Actions

Some restaurants with bars not allowed to re-open

Posted at 9:27 PM, May 07, 2020
and last updated 2020-05-07 23:54:07-04

After the stay-at-home order was lifted on Friday, many businesses and restaurants reopened at limited capacity. However, some were quickly shut down by the Texas Alcoholic Beverage Commission.

One of the businesses impacted was the Nueces Brewing Company, a business that’s typically known for its craft beers brewed in-house, but has recently been known for their crowlers and barbecue to-go.

"Because of this, the coronavirus and some of the things that are happening, we decided last-minute to start selling food,” said co-owner Brandon Harper.

Harper said Tuesday afternoon he got a call from a TABC employee, who said the business must close its dining room because the business is considered a bar, and its alcohol sales were more than 51 percent before the pandemic hit.

"Everyone who has that 51 percent guideline, they report their numbers to the Texas Comptroller,” said TABC employee Chris Porter. “Those numbers are given to us every few years when we review their alcoholic-beverage permit. And so that's the information that we have to go on."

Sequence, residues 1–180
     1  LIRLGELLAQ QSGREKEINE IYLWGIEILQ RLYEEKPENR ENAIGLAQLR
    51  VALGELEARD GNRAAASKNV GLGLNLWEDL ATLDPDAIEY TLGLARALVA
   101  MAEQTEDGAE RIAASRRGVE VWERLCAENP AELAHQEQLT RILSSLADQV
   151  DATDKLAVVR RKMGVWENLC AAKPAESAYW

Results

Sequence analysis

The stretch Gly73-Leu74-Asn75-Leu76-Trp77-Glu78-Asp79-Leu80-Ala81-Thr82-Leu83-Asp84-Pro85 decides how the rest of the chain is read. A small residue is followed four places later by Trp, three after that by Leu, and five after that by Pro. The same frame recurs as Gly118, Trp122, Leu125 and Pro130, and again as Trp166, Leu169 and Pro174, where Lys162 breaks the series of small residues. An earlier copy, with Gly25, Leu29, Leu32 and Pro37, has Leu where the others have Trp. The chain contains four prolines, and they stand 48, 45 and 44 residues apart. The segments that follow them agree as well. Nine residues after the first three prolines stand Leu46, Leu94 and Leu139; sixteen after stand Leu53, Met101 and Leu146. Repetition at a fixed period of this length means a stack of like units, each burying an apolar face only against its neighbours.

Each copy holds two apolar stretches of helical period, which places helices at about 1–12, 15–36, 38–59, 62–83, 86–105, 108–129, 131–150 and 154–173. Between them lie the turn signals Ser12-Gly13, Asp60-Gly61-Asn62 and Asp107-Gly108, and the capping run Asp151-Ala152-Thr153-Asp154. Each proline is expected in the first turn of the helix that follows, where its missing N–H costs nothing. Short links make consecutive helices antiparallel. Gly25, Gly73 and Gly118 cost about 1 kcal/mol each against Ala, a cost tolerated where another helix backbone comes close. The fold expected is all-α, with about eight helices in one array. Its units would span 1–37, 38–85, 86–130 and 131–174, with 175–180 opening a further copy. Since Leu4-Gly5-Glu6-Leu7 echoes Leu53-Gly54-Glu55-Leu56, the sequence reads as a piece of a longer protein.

According to social media, The Post at Lamar Park also was shut down by the TABC for dine-in service.

Harper said that if his business didn’t comply with the TABC’s rules and remained open, it risked losing its alcohol license. But Harper argues the brewery has been selling more food than alcohol recently, and said the brewery has 5,000 sq. ft. of space, which he said makes for plenty of room to social distance.

“From our point of view, we're more of a restaurant than a bar,” said Harper. “We're family-friendly. Kids are allowed to come here. It's not a place where people sit and get drunk. It's a place where people come by have a couple beers, have some barbecue and go home."

Meanwhile, Harper just hopes it’s not long before all businesses can reopen. Gov. Greg Abbott has not said when bars or businesses like it can reopen.

"There's no time for the details,” said Harper. “We're all just trying to stay alive. Like, no one's trying to get rich -- we're trying to pay our employees and keep the lights on."